Social Impact Authors: How & Why Author Dr Vicky Giouroukakis Is Helping To Change Our World

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Don’t be intimidated by anything or anyone; be fearless and confident always. I learned this later in life and wished I had learned it sooner. When I was younger, I was shy and sometimes shied away from jobs, friendships, and social situations that I perceived to be out of my reach. I eventually learned to push away my fears and pursue new opportunities and situations.

As part of my series about “authors who are making an important social impact,” I had the pleasure of interviewing Vicky Giouroukakis.

Vicky Giouroukakis, Ph.D., is a widely recognized expert in the field of education and research. She is a Professor in the School of Education and Human Services at Molloy University in New York and a former high school English teacher. Vicky has published books, chapters, and articles on best teaching methods. Her latest publication (2023), Growing Up in an Immigrant Household and Community: Essays by Descendants of Immigrants, is an anthology of essays published by Kendall Hunt.

Thank you so much for joining us in this interview series! Before we dive into the main focus of our interview, our readers would love to “get to know you” a bit better. Can you tell us a bit about your childhood backstory?

I was born and raised in Astoria, NY, to working-class Greek immigrant parents who came to this country for a better life. I barely saw my dad as he worked long hours at the pizzeria. My mom worked at the Bulova Watch factory, assembling watches. We didn’t have much, but we had enough and were happy. We lived in a tiny apartment in a five-story, diverse community. I loved the fact that the Greek and Italian shop owners knew me by my first name, that our neighbors were our family, that my brothers and I could play carefree on the streets with other kids, that we spoke two languages, and that my house smelled of homecooked Greek meals.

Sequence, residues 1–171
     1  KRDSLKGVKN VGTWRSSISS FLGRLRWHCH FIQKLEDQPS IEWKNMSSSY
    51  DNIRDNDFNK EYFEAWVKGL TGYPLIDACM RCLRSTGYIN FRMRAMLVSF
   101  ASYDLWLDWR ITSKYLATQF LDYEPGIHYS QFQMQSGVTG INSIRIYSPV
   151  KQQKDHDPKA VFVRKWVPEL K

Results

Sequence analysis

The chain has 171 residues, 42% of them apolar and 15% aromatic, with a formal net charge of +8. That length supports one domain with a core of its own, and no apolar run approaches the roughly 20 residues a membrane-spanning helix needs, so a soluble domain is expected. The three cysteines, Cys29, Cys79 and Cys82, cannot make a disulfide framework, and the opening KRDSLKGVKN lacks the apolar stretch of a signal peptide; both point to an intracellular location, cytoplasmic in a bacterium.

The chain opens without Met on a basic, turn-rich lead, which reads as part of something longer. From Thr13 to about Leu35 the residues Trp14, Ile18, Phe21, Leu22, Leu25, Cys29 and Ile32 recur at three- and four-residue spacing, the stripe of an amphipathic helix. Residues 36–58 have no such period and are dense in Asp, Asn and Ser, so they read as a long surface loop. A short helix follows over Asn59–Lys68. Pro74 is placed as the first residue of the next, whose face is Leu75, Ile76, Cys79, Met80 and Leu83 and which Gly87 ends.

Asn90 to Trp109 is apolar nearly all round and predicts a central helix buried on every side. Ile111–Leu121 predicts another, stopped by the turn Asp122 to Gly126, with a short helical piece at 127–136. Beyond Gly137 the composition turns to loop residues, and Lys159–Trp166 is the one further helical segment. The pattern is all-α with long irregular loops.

Even though my parents embraced the U.S., they missed their relatives and homeland, so we moved to Greece after I finished second grade. I spent my formative years in Athens, Greece, where I attended a local public school. We moved back to the States when I was a teenager in middle school. Going to different schools did not deter me from doing well and getting good grades. I was an overachiever and loved learning, so academics were my strong suit. However, adjusting to new environments socially and trying to find my identity while straddling two worlds, the culture of my parents and the American culture, was challenging. I learned to overcome obstacles and strive to achieve my goals through hard work, grit, and perseverance, lessons my parents taught me through their modeling and guidance.

When you were younger, was there a book you read that inspired you to take action or changed your life? Can you share a story about that?

I read The Alchemist in my early twenties, which changed my life. I have always been hard-working, goal-oriented, and eager to accomplish things that would bring me fulfillment, whether it’s a career, a family, or a new book. The book taught me to be mindful of the process and enjoy the journey, which can also be fulfilling.